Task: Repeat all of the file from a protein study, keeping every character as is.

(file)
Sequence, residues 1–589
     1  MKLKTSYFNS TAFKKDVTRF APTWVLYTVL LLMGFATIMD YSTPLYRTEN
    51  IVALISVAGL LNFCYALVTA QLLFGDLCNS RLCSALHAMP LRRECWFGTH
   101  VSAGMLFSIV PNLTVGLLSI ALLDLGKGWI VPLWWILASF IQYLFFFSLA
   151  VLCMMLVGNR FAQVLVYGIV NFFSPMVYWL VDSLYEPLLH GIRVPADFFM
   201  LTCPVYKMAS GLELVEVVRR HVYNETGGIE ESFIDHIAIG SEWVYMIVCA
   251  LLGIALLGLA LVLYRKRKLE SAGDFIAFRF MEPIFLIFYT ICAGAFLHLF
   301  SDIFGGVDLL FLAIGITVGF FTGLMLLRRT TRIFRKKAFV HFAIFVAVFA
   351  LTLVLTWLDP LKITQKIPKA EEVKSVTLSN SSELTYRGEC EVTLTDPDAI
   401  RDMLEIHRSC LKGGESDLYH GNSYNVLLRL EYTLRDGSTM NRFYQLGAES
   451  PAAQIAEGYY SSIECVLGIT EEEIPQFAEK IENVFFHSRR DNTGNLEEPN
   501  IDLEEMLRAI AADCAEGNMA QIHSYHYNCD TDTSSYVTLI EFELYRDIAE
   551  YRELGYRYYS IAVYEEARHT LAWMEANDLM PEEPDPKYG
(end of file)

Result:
Sequence, residues 1–589
     1  MKLKTSYFNS TAFKKDVTRF APTWVLYTVL LLMGFATIMD YSTPLYRTEN
    51  IVALISVAGL LNFCYALVTA QLLFGDLCNS RLCSALHAMP LRRECWFGTH
   101  VSAGMLFSIV PNLTVGLLSI ALLDLGKGWI VPLWWILASF IQYLFFFSLA
   151  VLCMMLVGNR FAQVLVYGIV NFFSPMVYWL VDSLYEPLLH GIRVPADFFM
   201  LTCPVYKMAS GLELVEVVRR HVYNETGGIE ESFIDHIAIG SEWVYMIVCA
   251  LLGIALLGLA LVLYRKRKLE SAGDFIAFRF MEPIFLIFYT ICAGAFLHLF
   301  SDIFGGVDLL FLAIGITVGF FTGLMLLRRT TRIFRKKAFV HFAIFVAVFA
   351  LTLVLTWLDP LKITQKIPKA EEVKSVTLSN SSELTYRGEC EVTLTDPDAI
   401  RDMLEIHRSC LKGGESDLYH GNSYNVLLRL EYTLRDGSTM NRFYQLGAES
   451  PAAQIAEGYY SSIECVLGIT EEEIPQFAEK IENVFFHSRR DNTGNLEEPN
   501  IDLEEMLRAI AADCAEGNMA QIHSYHYNCD TDTSSYVTLI EFELYRDIAE
   551  YRELGYRYYS IAVYEEARHT LAWMEANDLM PEEPDPKYG